I know what I meant. Apparently I didn't do as good a job of explaining it as I thought I did.
I know what you meant as well. You meant: " I think you're Mars mission relies on Handwavium to convert chemical transformation formulas into actual non-laboratory processes." It's pretty clear. It clearly does _not_ mean: "you won't be able to get the water".
Electrolysis systems for 6 people on the ISS are going to be radically different in scale than those for a bunch of colonists.
That's the key word: scale.
Uh, yeah. No kidding? You mean you can't use the same resources you would for 6 people to maintain 12, or 24, or 48? Well gee, shucks, you've really shown me the error of my thinking there!
Seriously, what are you thinking? If anything, the efficiency and redundancy of these systems is going to go up with scale, if anything. At worst, you still only have to scale the amount of support equipment linearly with the number of people you intend to support. How is "scale", some sort of smoking gun?
Now, you claim that I must have thought that, by handwavium, I thought you meant something like "chemistry will be different on Mars". I didn't, and I thought that should have been obvious, but then you go and write things like:
The equipment (and spare parts, and maintenance, and assembly and repair, etc) needed to do all that stuff will be much more complicated on Mars than you think.
When it's already clear that we're talking about equipment that already exists and is already in use terrestrially and in space. Which seems to suggest that maybe you really do believe that chemistry is somehow different on Mars.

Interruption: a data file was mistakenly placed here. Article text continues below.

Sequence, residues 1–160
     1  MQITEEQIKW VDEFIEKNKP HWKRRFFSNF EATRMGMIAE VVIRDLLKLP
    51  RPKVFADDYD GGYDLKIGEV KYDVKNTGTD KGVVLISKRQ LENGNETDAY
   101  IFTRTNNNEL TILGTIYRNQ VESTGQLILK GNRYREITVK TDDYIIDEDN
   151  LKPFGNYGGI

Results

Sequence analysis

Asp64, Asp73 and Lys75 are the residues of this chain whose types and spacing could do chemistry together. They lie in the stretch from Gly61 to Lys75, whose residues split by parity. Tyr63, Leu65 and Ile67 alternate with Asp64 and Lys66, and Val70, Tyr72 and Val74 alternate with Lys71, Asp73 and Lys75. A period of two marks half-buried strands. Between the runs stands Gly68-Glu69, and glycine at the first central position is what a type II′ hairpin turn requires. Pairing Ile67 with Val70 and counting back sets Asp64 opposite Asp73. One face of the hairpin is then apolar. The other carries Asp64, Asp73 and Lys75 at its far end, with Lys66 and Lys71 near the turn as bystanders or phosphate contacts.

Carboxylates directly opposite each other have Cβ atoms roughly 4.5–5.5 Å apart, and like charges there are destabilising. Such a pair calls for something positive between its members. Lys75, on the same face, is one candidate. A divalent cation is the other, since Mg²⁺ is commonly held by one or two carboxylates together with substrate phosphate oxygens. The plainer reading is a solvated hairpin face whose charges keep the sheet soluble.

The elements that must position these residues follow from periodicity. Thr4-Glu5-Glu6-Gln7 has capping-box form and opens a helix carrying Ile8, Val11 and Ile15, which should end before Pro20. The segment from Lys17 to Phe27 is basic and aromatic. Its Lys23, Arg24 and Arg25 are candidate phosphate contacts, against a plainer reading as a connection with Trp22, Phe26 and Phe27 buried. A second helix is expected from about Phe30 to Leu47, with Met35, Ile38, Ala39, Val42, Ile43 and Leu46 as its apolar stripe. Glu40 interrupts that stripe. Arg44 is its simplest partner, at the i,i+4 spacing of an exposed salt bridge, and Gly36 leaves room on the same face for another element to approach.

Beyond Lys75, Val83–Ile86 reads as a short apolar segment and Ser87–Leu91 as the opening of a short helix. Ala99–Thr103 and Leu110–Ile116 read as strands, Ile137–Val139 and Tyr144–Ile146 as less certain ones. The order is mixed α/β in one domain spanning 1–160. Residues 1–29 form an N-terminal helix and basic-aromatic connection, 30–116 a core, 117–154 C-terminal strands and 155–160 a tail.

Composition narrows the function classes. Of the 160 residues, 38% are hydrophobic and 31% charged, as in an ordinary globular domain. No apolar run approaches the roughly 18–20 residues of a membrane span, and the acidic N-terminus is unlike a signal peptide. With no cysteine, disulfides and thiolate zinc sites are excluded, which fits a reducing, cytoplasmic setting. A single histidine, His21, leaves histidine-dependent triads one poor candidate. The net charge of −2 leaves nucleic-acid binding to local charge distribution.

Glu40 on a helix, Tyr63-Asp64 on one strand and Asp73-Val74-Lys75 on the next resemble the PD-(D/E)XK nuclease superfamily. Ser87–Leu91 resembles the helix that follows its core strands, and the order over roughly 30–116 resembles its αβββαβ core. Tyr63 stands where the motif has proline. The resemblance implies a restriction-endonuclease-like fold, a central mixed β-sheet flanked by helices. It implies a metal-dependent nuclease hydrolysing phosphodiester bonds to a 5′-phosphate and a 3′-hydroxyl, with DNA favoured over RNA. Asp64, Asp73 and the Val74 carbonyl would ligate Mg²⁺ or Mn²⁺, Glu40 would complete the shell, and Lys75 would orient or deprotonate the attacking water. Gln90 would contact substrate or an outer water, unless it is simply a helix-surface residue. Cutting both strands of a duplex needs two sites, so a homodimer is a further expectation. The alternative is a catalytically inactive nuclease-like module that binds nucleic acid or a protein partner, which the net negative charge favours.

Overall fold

On Earth, we can send out some geologists or a surveying crew, rent or buy heavy machinery, parts, drilling mud, explosives, etc of a variety of forms from a jillion different sources.
Sometimes. Other times we have to plan things out very carefully or there's no chance of salvaging the endeavor and thousands of tons of expensive equipment gets left behind to become a playground for penguins. Other times, things go wrong enough that everyone dies. Even here on Earth.
OTOH, every bit of every kind of stuff needed on Mars will have to be sent at the beginning (whether on one ship or multiple doesn't matter), and that will drive up the cost of the expedition to absurd heights.
Yes, plenty of stuff will need to be sent at the beginning. That's no surprise. I'm pretty sure I've said as much myself elsewhere on this thread. If you're really trying to bootstrap a viable colony on Mars, you spend extra to send both the supplies the astronauts will need to survive without in situ resources and you also send the equipment they can use to try to live without using those supplies. Since the technologies are pretty proven by now, however, it's pretty clear that you can recycle every drop of water at least a few times. So you can get by with about a ton of consumable supplies per astronaut per year (which includes the water, food and oxygen that they need to consume). Right now, the Falcon heavy looks like it can realistically get a kg to Mars for around $11,000. We'll triple that and say 33,000 per kg. So that's $33 million per year, per astronaut of consumable living supplies. A lot of money, to be sure. Relatively speaking, however it's not that bad viewed in the context of a manned mission to another planet.